BY BILLY SUTER
CALLING women who fancy themselves as budding movie-makers and are keen to have their work recognised – they are being invited, by CaribbeanTales International Film Festival, in partnership with Sisters Working in Film and Television (Swift), to participate in the inaugural CineFAM South Africa Short Film Challenge.
This challenge aims to create opportunities to garner international recognition and global distribution. It is to be presented at the Durban International Film Festival (DIFF) from July 13 to 23, and the Durban FilmMart (DFM) from July 14 to 17.
Swift is a newly formed organisation that aims to advance the participation of women in the South African audio-visual sector, points out festival publicist Sharlene Versfeld.
CaribbeanTales is a group of companies that produces, markets and sells Caribbean-themed film and television content for global audiences. It includes CaribbeanTales Inc, a registered charity based in Toronto, Canada; the CaribbeanTales International Film Festival (CTFF) which takes place annually in Toronto in September; and the renowned CaribbeanTales Incubator Programme, a development and production hub for original Caribbean content.
Also under the umbrella are CaribbeanTales Worldwide Distribution (CTWD), the largest full-service distribution entity dedicated to the monetisation of Caribbean content; CaribbeanTalesFlix, the group’s production arm, and CaribbeanTales-TV, a video-on-demand platform.
The CineFAM South Africa Short Film Challenge aims to create an opportunity for female South African filmmakers to collaborate and establish creative relationships that stimulate the growth of content made by women. The challenge also aims to connect South African filmmakers with those in the Diaspora as well as a global audience.
Swift will present a preparatory workshop on no-budget film-making at the Durban FilmMart from 12.30pm to 2pm on Monday, July 17, at the Tsogo Sun Maharani Hotel. This workshop will provide participants with useful tools for making a short film with constraints in time, budget and other resources. It is a free workshop and no booking is necessary.
Following the workshop – which is not mandatory to enter the challenge – the CineFAM South Africa Short Film Challenge will take place from July 19 to July and will be open to teams with the roles of writer, director and producers filled by women and queer filmmakers from South Africa.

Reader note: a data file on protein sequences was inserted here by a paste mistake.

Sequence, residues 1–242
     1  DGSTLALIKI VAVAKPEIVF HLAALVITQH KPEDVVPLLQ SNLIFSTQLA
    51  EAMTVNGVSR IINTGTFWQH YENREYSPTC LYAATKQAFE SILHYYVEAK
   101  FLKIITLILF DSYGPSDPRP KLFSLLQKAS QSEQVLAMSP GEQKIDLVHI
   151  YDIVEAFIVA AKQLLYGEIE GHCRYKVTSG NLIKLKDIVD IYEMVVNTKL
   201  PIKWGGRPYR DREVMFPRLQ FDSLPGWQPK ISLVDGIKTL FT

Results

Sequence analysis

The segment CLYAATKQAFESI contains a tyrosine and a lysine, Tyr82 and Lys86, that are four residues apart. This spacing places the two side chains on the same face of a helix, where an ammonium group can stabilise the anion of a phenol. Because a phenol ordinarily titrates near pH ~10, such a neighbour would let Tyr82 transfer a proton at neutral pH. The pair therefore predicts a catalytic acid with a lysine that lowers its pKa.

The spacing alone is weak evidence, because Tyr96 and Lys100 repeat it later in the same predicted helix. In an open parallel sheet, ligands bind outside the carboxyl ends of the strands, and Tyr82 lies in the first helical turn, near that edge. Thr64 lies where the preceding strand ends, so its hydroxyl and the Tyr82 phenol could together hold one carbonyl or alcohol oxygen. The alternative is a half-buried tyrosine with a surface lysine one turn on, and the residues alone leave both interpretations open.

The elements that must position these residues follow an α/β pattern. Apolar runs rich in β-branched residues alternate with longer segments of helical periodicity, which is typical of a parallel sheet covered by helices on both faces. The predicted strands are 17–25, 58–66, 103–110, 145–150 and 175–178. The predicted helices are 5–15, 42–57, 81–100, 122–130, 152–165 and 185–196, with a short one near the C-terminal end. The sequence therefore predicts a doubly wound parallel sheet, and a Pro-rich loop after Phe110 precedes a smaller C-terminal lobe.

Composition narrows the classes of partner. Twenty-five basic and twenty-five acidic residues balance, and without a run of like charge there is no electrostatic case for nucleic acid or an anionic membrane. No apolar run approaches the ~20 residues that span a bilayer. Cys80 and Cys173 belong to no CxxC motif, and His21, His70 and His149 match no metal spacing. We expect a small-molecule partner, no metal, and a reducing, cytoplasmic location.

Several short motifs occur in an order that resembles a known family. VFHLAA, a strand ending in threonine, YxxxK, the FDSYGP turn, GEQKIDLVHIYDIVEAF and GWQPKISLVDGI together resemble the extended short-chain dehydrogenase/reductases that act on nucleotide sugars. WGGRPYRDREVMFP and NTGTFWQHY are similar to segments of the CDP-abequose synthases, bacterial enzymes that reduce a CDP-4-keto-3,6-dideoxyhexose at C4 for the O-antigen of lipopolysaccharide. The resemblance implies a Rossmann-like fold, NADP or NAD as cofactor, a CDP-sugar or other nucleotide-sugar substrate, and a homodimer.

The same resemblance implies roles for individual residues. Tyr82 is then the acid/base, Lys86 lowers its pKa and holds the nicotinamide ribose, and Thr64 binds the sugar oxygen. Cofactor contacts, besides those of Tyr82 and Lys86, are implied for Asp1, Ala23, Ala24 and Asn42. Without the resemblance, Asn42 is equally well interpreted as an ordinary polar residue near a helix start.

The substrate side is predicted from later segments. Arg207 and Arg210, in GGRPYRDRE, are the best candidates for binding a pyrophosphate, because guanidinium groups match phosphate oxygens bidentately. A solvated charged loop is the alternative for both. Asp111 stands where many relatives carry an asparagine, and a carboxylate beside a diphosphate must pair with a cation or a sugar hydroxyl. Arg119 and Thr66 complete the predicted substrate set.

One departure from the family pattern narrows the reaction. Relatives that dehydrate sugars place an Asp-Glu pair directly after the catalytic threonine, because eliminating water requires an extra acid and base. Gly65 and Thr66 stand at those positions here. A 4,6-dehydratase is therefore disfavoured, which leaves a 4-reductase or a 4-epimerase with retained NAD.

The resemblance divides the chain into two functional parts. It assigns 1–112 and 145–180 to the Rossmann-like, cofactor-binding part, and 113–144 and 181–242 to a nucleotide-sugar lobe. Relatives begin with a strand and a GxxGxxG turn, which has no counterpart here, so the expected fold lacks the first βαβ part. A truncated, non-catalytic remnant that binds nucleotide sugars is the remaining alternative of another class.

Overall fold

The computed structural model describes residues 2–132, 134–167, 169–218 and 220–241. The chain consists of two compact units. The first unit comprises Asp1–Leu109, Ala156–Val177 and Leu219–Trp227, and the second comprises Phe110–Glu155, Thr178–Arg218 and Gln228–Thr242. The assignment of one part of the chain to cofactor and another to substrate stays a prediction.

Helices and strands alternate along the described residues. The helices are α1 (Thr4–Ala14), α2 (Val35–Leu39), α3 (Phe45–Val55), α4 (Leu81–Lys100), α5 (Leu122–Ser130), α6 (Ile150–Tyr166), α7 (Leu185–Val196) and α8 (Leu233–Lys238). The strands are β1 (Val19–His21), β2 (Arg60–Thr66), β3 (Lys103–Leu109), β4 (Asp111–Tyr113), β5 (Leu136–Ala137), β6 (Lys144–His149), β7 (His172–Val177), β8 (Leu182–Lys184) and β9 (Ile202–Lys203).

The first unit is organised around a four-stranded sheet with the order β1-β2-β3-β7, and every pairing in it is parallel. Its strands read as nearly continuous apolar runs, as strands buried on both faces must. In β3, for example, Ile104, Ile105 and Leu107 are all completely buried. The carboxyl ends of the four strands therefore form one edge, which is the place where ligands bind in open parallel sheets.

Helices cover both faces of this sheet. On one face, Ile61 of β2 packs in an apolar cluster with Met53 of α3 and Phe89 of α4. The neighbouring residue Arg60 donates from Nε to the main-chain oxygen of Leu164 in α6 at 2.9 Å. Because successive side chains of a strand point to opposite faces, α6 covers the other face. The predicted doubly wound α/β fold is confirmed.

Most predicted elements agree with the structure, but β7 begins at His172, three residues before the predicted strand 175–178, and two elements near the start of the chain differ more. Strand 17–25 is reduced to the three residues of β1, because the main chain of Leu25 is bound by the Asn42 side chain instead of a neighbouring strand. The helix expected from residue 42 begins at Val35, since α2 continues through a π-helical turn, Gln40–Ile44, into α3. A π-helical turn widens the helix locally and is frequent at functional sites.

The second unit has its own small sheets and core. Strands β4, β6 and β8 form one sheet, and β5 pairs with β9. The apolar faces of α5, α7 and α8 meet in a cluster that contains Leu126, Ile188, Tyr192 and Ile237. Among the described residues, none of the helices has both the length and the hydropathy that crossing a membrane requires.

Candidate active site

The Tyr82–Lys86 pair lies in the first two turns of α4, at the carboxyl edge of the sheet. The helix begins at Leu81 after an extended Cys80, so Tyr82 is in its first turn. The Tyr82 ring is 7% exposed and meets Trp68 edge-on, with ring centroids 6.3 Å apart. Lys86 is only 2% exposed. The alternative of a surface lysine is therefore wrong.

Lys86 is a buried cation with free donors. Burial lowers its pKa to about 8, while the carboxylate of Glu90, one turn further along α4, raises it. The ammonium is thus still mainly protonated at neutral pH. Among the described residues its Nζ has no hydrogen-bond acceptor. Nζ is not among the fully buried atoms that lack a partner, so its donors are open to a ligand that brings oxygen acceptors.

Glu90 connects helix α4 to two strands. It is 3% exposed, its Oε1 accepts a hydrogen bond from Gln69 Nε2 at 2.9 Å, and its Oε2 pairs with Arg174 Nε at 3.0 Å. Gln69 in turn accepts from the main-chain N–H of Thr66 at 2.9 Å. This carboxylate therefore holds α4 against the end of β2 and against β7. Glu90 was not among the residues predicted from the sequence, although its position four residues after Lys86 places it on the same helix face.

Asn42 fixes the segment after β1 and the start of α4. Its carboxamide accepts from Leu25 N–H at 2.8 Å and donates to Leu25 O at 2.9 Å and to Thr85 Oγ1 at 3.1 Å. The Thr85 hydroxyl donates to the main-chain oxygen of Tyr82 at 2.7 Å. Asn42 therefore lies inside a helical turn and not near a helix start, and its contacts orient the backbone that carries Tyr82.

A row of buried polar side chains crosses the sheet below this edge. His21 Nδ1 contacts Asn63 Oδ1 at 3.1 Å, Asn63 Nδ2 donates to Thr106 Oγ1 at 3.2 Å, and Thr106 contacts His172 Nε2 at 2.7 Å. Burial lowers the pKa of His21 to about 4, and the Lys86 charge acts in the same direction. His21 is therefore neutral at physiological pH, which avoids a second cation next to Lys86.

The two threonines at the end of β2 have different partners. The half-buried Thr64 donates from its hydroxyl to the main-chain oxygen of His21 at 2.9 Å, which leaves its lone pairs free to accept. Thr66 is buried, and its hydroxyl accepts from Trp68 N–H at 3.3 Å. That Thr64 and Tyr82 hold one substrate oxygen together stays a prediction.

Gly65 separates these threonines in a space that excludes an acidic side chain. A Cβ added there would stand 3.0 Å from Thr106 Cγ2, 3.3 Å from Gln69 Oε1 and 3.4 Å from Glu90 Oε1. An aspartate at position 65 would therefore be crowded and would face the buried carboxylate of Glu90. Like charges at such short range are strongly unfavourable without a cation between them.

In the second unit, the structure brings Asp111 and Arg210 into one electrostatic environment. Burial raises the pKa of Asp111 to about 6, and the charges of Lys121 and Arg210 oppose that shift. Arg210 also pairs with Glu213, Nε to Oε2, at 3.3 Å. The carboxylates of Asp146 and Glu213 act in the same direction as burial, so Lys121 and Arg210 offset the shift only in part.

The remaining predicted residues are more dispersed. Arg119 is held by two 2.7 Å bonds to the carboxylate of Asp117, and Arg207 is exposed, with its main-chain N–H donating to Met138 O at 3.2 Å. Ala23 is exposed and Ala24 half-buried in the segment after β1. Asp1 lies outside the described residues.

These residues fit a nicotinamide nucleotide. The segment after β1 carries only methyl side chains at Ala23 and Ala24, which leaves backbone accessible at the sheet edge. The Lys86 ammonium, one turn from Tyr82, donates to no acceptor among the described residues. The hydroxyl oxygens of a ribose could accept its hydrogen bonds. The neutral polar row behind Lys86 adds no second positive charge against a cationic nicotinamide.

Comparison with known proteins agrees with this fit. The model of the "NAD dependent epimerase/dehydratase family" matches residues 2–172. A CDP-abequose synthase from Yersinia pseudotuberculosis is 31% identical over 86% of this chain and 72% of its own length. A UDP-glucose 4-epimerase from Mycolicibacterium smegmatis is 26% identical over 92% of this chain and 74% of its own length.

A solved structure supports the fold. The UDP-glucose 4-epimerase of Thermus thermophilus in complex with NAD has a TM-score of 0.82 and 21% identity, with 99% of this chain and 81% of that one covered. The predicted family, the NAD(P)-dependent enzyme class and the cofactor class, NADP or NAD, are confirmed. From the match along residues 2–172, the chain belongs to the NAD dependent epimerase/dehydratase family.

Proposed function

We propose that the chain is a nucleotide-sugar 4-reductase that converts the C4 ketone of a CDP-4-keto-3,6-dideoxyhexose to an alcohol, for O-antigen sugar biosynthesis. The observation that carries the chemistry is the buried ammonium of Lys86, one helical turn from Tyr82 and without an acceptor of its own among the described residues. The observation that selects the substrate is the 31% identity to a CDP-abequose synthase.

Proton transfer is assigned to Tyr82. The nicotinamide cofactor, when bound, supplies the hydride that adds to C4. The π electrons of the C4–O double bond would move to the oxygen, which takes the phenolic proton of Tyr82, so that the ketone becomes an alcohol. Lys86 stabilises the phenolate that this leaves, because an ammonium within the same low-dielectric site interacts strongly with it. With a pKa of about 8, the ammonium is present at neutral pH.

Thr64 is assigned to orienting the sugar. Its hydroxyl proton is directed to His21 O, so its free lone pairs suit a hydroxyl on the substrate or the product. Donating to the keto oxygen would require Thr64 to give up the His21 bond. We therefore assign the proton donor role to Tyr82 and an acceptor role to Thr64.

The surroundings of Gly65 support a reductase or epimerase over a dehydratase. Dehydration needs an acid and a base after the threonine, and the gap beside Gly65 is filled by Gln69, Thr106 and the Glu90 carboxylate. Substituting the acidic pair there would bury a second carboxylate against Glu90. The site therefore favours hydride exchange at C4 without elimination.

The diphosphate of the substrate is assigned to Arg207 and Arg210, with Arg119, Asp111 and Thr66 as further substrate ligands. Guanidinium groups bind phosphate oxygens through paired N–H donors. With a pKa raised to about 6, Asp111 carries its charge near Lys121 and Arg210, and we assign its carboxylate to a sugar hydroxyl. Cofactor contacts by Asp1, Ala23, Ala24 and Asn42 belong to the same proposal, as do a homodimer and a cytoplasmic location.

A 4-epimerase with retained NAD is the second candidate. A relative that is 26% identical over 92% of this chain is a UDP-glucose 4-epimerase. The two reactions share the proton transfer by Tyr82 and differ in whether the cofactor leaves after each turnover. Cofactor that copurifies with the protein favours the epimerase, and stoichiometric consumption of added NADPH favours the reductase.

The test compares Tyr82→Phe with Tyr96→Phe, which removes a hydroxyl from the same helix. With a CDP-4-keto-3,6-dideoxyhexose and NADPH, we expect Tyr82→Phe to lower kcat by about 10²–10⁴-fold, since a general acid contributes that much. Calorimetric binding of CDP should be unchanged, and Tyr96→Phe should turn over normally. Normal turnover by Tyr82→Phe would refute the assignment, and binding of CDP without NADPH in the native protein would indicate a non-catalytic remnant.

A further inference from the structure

The theme from the challenge will be announced on July 18 on the CaribbeanTales website www.caribbeantales-tv.com and the teams will have five days to write, shoot and edit a film of no longer than five minutes. Entering teams need to feature female identifying crew in the key positions of writer, director and producer.
Completed films must be uploaded by no later than midnight on Sunday, July 23, on the CaribbeanTales website. Teams unable to upload the films for submission, from their own internet connections, should contact firstname.lastname@example.org on the first day of the challenge to make arrangements for submission.
A shortlist of up to 10 short films will be selected and posted on the CaribbeanTales website for online voting. The challenge will recognise three winning films, including best story, best direction and audience choice.
Two of these films will be given their world premiere screening at the CaribbeanTales International Film Festival and all will be given the opportunity to acquire distribution by CTWD.
“We are very excited to be collaborating with both Swift and Caribbean Tales on this initiative and hope it will lay the foundation for more cooperation between filmmakers on the continent and those from the Diaspora,” says Toni Monty of the Durban FilmMart.
“South Africa is a natural partner to CaribbeanTales, and we are thrilled by the opportunity to provide a platform for women filmmakers. CineFAM, meaning ‘films by women’ in Haitian Creole, is a global initiative of ours through which we spotlight to crucial voices of women in film. We couldn’t be more delighted to continually expand the horizons for the kind of stories that we can tell,” says Frances-Anne Solomon, founder and CEO of CaribbeanTales.
Speaking on behalf of Swift, Sara Blecher says: “Short films are brilliant ways that filmmakers and their projects can get noticed. There are countless examples of how short films are precursors for feature films. We hope that through this process, women filmmakers are driven to create work that will start a process of getting recognition, attention and support to further develop their body of work.”
“We are delighted that this new programme to encourage South African filmmakers to take the short film challenge during the festival focuses on women in line with the Women Led Film theme for this year’s festival,” says Chipo Zhou, DIFF manager.
“We look forward to seeing the creative results and perhaps seeing some of these films in our festival in the future.”